A new study from the Centre for Performance Science has revealed that classical musicians score higher on important wellbeing elements when compared with the general population. A sample of 601 professional musicians from 41 countries answered a questionnaire based on the PERMA wellbeing model. This model includes five building blocks of wellbeing: Positive Emotion, Engagement, Relationships, Meaning and Accomplishment.
Musicians scored higher than general population samples on Positive Emotion, Relationships and, in particular, Meaning, which in this model is a sense of purpose and serving something larger than the self. The findings shed light on a pervasive issue in musicians’ health research: the lack of a common language about what wellbeing really means. While the World Health Organization is clear on how health and wellbeing are defined positively, most research with performing artists has focused on assessing anxiety, depression, and stress. When wellbeing is evaluated as the presence of positive indicators of functioning, and not merely the absence of illbeing, musicians show promising profiles.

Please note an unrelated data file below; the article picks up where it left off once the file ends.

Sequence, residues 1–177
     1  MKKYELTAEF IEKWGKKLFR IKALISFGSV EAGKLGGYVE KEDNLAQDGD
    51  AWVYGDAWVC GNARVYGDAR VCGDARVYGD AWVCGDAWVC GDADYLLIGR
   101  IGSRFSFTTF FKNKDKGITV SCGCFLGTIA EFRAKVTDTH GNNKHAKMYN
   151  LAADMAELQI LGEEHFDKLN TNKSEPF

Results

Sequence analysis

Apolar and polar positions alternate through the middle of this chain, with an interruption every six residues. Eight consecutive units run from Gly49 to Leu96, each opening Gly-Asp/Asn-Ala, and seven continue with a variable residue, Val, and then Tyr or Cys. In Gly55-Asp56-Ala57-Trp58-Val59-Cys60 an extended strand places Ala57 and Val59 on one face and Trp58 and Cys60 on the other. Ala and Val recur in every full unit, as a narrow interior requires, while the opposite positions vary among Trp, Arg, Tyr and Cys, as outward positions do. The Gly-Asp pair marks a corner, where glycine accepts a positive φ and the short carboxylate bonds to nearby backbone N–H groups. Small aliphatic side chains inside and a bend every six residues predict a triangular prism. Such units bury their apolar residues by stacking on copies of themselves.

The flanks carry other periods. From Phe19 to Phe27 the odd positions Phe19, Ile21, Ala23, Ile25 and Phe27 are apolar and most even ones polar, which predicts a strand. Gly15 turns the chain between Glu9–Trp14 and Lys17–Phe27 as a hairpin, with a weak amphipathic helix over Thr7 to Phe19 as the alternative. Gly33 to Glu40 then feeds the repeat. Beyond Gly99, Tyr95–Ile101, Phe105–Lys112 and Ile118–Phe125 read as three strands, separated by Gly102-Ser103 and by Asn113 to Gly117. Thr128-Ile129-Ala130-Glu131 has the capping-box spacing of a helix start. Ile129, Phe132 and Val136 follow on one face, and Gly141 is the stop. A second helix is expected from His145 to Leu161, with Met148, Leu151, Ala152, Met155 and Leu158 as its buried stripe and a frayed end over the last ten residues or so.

Study author and CPS doctoral candidate Sara Ascenso remarked: “This is the first time we have profiled wellbeing from a positive perspective with a large sample of professional musicians. The reconciliation between our results and the body of research pointing to the music profession as highly challenging begs for further reflection. When it comes to wellbeing, which is a positive construct, are we really asking the right questions?”
The findings of the study provide a more complete picture of how musicians experience wellbeing and can inform the development of new health and wellbeing support initiatives within both music education and the profession.